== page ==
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Posts Tagged ‘prejudice’

If we just call it a “sect” or a “faction” or even a “cult,” we can marginalize everyone within that group. These labels already carry negative connotations without anyone needing to know any actual beliefs or doctrines. It’s a technique for categorizing the world and justifying our actions.

Acts 24:5-6
We [Sanhedrin] have found this man [Paul] to be a troublemaker, stirring up riots among the Jews all over the world. He is a ringleader of the Nazarene sect and even tried to desecrate the temple; so we seized him.
[Tertullus, the lawyer, speaking against Paul to Felix, the Governor, in Caesarea]

I have always been intrigued by labels. It’s something that humans do automatically. It’s how we “understand” what we are seeing or hearing. We look at an object and our brain identifies it as a chair or an animal or a tree. And then there are the sub-categories like particular designs of chairs or specific animals or breeds or types of trees. We do this with people too. They are categorized by how they look by skin color, body part shapes, hair color or texture, size, etc. People are also sorted by their sex, clothing, their neighborhood, their country, their language, and their incomes. And of course, they are classified by their associations, whether religious or secular.

But how do we understand or embrace something or someone new? How do we recognize it? If that thing or person does not fit into any of the normal designations, then what is it? Who is it?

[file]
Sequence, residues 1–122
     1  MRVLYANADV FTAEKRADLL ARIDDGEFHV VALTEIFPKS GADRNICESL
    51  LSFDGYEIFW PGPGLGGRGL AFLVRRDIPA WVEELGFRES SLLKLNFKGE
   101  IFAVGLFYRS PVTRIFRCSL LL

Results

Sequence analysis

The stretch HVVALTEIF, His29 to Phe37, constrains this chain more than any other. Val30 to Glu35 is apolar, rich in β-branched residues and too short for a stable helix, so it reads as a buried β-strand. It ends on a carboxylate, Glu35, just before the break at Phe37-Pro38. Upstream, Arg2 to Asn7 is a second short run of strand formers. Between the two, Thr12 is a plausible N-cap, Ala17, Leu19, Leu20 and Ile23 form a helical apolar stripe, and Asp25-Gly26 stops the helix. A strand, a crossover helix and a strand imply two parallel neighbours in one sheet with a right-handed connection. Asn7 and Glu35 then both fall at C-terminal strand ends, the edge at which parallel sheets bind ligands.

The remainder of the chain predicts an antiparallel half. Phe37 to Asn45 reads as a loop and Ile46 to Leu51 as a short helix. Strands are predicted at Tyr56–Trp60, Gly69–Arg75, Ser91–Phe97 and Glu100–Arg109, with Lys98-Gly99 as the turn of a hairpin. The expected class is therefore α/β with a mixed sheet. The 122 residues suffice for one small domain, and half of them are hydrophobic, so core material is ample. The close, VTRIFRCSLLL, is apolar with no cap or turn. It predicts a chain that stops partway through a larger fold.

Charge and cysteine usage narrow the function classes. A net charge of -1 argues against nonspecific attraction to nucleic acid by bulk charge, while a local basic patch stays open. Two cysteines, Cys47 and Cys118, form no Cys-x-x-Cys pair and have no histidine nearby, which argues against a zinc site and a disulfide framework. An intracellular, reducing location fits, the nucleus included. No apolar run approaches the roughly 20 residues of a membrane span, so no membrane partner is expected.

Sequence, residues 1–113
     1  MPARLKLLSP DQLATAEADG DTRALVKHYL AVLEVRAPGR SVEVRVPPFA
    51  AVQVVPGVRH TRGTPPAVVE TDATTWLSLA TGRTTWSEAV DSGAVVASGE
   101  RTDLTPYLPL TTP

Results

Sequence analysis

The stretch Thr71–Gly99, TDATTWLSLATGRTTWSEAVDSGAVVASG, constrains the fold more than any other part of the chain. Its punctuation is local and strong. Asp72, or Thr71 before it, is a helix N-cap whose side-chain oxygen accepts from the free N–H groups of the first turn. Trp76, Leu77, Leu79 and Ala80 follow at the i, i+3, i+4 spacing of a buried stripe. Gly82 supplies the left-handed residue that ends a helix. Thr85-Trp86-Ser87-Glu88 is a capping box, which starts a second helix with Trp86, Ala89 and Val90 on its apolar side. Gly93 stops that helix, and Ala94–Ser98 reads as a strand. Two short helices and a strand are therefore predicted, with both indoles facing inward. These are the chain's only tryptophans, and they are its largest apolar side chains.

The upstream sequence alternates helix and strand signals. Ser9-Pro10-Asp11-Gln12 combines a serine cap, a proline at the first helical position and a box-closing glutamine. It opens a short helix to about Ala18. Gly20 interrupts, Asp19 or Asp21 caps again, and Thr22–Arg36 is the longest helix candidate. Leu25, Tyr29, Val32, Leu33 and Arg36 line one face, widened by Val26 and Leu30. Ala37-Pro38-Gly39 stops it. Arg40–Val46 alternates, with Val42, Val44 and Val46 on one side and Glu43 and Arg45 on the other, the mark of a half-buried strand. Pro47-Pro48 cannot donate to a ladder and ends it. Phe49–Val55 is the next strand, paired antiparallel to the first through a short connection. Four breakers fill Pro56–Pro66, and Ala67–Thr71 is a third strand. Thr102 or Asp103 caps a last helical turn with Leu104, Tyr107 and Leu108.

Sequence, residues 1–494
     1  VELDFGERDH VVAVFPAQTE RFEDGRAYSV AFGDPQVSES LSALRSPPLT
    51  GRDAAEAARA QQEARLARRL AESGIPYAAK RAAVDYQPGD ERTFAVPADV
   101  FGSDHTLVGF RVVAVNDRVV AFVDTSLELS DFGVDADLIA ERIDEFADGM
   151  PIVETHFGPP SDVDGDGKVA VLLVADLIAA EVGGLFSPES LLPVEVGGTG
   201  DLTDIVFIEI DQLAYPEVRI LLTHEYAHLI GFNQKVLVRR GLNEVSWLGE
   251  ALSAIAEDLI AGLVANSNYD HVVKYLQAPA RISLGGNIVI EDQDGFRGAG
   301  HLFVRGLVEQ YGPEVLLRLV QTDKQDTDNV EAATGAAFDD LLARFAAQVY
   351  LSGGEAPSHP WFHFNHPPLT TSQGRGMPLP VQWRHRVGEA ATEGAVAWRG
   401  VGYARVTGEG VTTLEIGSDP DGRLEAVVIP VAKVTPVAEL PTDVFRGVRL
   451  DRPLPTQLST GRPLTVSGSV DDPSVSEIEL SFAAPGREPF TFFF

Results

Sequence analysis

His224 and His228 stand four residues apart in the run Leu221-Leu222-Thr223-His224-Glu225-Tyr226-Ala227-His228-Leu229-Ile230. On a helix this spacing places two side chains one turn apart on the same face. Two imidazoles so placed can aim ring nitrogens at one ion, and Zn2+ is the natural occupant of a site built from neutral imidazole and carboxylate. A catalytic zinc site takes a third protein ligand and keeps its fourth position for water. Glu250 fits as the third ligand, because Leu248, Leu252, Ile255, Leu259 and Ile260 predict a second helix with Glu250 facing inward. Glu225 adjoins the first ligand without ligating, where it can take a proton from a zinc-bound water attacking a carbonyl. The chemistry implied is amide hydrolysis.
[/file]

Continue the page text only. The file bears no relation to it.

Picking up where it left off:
I always thought the ancient prophets, whose writings and prophecies are peppered throughout the scriptures, were beleaguered with this categorization problem. They were seeing visions of a future they could not know. How would a primitive person describe an airplane, a rocket, or a space ship? How would they describe an atomic explosion? Are we any better at explaining or understanding miracles?

We use our limited understanding, our own frames of reference. We shove the unfamiliar into the closest or most familiar box. If there is no shape we recognize, we give it shape. We name it.

Jesus was outside the box. He was doing and saying things that made no sense to most of the people he encountered. Paul wasn’t much better.

Christianity of today evolved its own norms. It has taken the recorded words of Jesus and scrutinized, categorized, dissected and analyzed them to the extreme. And yet, when folks start pulling at the edges of Christianity, there is no less resistance than there was in Jesus’s day. We are still afraid of being deluded, of believing a lie, of breaking the law.

But God does not need us to “protect” the truth. God knows the heart.

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The Rabbi’s yoke is the set of interpretations of the law that a rabbi has and passes to his students. Paul was zealous because his teacher taught him to be. How many of us are still operating out of ingrained lessons and prejudices?

Acts 22:3b
“…Under Gamaliel I [Paul] was thoroughly trained in the law of our fathers and was just as zealous for God as any of you [the crowd in Jerusalem] are today.”

My mother, an immigrant, was fervent about equal rights. When we first arrived in this country (1951), we lived in North Carolina. My father, already over 60, was forced to carry heavy railroad ties alone because the supervisor assumed he wouldn’t want to work with a negro [that’s the polite term]. We moved to Indianapolis within the year. There we lived in the inner city where we experienced a different form of prejudice against us because we were “foreigners.” In the end, although our family was poor and fiscally conservative, we remained socially liberal.